HydroTop is made of a blend of cellulose-derived hydrocolloids and a blend of vegetable-based fibres with a high water-binding capacity.
Head of product development for meat and sausage products at Hydrosol, Dr Carsten Carstens, said: “First an emulsion is made with HydroTop High Gel 30, oil and water. This stabilises the hydratised texturate through thermos-reversible gelling, meaning that heating the formable mass turns it into a product that is pleasantly firm to the bite.”
Adding this emulsion to a plant-based texturate creates a formable, slightly sticky meat analogue comparable to a ground meat mass used for meatballs or burger patties.
“The main difference with other products which may be based on starches or hydrocolloids like carrageenan that don’t give same juiciness or same bite, is that this blend retains the moisture but, upon bite, [gives] a nice juiciness.”
“That’s what we love about meat - it has a response to the bite but isn’t rubbery. It has a certain springiness and firmness,” Carstens added.
Hydrosol has tested the emulsifier-stabiliser in a range of plant-based texturates, such as soy, wheat-based gluten, lupin, and pea protein and compared them for
mouthfeel, water binding properties, taste and colour.
“It’s a universally binding system so the functionality works for them all but the choice of texturate affects how fibrous or the final product is and its flavour,” said Carstens. “Some have a toasty or meaty flavour because of the extrusion process. The wheat gluten for us it gave the most satisfying results.”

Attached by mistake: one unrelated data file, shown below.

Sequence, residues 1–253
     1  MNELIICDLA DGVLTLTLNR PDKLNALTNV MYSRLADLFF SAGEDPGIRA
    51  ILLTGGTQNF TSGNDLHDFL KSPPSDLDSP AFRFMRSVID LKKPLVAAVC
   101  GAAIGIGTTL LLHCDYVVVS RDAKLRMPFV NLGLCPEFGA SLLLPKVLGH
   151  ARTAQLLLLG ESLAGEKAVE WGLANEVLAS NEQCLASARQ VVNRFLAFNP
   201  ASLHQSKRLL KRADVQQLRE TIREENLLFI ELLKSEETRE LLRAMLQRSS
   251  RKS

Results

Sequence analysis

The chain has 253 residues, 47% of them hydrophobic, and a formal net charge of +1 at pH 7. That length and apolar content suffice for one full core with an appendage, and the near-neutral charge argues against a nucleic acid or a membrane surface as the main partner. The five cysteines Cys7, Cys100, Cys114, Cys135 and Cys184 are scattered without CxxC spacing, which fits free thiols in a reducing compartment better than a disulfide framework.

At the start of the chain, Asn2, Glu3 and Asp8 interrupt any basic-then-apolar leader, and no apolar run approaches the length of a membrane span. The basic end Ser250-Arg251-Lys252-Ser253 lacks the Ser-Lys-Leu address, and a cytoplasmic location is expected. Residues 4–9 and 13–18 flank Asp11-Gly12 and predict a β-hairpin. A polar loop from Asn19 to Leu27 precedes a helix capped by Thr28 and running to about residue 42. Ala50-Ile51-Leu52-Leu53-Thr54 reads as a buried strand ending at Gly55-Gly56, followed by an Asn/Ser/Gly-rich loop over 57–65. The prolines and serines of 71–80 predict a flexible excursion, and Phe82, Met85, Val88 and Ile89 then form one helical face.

The firm wanted to explore product possibilities in the convenience, snack-as-you-go and bite-sized categories from breaded vegetable sticks to Chinese dumplings, but has also had requests from customers enquiring about its use in desserts as a custard filling.
For first and next generation meat alternatives
Despite the diversity of applications that HydrTop could be used for, the company chose to promote the meat alternatives because of the market interest.
"We are an R&D company so we like to explore all opportunities but our customers want the products that are most relevant for the market. We had many requests for chicken nugget alternatives, so it was the most obvious choice.”
In Carsten’s view, plant-based alternatives that seek to replicate the taste and texture of meat are ‘first generation’ alternatives.
“But the second and third generation of meat alternatives will be products that proudly boast about their vegetable content with the vegetables visible, and that don’t resemble meat protein anymore,” he said.
Hydrosol says it’s ready to cater for this market too; the adhesive properties of HydroTop means that vegetables with smooth surfaces, such as corn or peas, can be added to the mass.
Available in powder form, HydroTop is free from flavour enhancers and phosphates and has a shelf life of two years when stored at room temperature. It can also be frozen without altering the functional characteristics.
It is also suitable for formed, ground meat such as ham and fish, helping them to retain their shape and juiciness.
Headquartered in Ahrensburg near Hamburg, Hydrosol supplies stabilisers for dairy, ice cream, ready meals and meat products. It launched HydroTop two months ago, and has secured deals with manufacturers in Scandinavia, Turkey, Germany and the Netherlands.